Mumbai City befriend adversity to silence Mohun Bagan’s Salt Lake and win the ISL

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Mumbai City stared adversity in the face at the most imposing arena in Indian football, and walked out champions. Of course they did. After all, it’s what they’d been doing all season.

On Saturday, at a packed Salt Lake, they dominated the first 42 minutes of the ISL final only to see Mohun Bagan do what Mohun Bagan do (take the lead against the run of play). A lesser team would have crumbled. Just a few weeks back, they’d done just that, caving under the pressure and the noise as they lost the League shield to Bagan. But this City team is made of different mettle. They learn from their setbacks, and they keep fighting.

“You always have to take the positives from the negative moments,” a jubilant head coach Petr Kratky said after masterminding his side to a dominant performance against the league shield winners.

In the first half of the game, Mumbai City dominated possession, their high press suffocating the hosts. But a Dimi Petratos shot was spilt, and Jason Cummings tapped in the opener. Now, it was time again to show character. And this where their ability to “take the positives from the negative moments” came into full focus.

“There were obstacles in front of us throughout the season,” Kratky said. “It’s not easy, you don’t get these opportunities all the time every year.”

Incidentally, Kratky had this opportunity last year in the A-League grand final, as Melbourne City assistant coach. His team ended up losing 6-1, with Cummings scoring a hat-trick in that game. When the Australian striker opened the scoring tonight, Kratky might have been forgiven for reopening those scars.

“I didn’t know I would get this chance [at Mumbai City] back then, but I told myself, if I get a chance to coach in a final, I wouldn’t let that happen [again],” Kratky said.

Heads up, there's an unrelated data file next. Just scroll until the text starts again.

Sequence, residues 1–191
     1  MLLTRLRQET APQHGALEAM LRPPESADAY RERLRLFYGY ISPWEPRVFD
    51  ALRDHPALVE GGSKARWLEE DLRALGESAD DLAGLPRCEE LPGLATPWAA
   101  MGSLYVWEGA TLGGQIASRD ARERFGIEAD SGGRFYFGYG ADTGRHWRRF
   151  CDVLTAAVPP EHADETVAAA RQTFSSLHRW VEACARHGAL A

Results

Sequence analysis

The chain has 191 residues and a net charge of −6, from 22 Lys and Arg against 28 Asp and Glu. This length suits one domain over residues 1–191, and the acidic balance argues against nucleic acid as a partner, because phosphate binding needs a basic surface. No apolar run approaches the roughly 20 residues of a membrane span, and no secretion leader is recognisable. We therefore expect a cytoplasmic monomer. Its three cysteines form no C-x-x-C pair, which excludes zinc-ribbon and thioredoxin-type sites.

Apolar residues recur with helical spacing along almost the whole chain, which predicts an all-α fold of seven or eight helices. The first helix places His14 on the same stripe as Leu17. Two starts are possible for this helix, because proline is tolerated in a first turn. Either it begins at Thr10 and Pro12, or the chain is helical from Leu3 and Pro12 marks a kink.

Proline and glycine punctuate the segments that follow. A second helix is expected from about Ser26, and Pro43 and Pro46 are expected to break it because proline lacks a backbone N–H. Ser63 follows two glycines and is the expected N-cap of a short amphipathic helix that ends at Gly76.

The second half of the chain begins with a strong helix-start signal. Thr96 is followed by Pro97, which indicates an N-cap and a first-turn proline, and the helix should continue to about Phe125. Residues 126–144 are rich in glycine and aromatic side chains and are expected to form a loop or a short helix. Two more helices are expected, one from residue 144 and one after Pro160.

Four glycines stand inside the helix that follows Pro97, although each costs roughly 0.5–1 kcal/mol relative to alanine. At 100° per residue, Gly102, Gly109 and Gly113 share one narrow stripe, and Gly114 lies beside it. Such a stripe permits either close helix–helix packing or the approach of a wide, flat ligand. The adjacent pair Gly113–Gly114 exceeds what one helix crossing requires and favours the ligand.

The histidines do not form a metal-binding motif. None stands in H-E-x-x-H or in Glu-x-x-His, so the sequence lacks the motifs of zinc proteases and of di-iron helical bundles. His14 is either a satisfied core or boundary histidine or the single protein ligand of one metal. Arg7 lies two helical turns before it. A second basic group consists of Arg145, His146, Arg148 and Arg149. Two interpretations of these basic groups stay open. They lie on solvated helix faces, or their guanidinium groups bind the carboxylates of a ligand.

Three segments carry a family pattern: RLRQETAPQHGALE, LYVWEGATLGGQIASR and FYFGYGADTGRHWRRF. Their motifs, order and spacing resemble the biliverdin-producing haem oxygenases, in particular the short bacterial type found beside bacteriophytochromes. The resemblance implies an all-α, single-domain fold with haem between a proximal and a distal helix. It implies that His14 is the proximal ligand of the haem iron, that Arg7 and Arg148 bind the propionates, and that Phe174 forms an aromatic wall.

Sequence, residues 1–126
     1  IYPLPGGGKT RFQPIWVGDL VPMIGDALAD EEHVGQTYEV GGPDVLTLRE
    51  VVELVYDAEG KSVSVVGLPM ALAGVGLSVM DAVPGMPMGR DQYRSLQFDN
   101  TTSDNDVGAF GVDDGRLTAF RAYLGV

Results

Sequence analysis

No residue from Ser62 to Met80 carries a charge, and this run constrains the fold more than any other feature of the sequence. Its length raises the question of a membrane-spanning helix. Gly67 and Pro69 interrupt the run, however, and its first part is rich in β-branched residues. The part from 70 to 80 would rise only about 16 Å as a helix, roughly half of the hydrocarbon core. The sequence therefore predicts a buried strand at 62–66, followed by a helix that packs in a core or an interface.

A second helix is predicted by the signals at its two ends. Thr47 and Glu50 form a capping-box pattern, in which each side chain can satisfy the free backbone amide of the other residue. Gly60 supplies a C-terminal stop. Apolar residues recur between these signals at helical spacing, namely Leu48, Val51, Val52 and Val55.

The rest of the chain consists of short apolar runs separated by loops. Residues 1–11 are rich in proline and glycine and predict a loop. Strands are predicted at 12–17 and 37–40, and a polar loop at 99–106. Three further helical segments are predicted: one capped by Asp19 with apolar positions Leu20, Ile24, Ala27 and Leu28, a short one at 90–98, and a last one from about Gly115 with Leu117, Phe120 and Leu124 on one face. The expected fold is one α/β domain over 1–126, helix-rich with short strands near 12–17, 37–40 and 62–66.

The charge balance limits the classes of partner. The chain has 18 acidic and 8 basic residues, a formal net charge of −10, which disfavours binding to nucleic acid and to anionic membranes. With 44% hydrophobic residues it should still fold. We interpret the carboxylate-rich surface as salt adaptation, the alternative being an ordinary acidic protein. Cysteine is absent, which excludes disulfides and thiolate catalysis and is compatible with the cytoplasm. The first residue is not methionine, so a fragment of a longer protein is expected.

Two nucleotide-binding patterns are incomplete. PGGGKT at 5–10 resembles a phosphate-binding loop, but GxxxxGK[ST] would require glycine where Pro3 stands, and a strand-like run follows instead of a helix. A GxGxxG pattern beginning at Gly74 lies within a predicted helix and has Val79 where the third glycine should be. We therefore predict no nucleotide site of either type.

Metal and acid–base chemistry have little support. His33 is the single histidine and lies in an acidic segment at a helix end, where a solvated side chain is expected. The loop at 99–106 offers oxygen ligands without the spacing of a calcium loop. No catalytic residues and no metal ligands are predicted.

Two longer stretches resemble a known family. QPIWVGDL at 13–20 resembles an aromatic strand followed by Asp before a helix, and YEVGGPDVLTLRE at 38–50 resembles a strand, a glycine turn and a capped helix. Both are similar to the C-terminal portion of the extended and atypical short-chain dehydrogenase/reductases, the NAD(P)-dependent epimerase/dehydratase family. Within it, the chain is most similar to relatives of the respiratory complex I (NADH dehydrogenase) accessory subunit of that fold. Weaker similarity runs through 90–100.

As promised, his team didn’t. They’d been fighting all season — losing their previous coach Des Buckingham unexpectedly in November, losing some influential players in January and more through a number of suspensions and injuries — so they fought once again.

Even a goal down, even with the Salt Lake at full volume, they just kept playing their football, kept putting Bagan on the backfoot. The goals they scored may not have been the most memorable in isolation, but they were just reward for a performance that merited the victory.

“We were better than them, even in the first half. We just had to keep going, and eventually we got our rewards,” Kratky said.

The faith in the philosophy pays off handsomely

Kratky was effusive in his praise for Buckingham as well. The Czech said his job was made easier when he came into the club by the structure and philosophy that Buckingham had already put in place. The players themselves didn’t have to change much, and heading into the final, they’d seen Kratky’s methods prove that they could come back from difficult situations. Take for example the six minutes of chaos in Goa, where they turned a 0-2 loss to a 3-2 win, a performance the coach called the catalyst for their cup win: because it gave them confidence after the low of losing the Shield in Kolkata against Bagan on the last day of the league.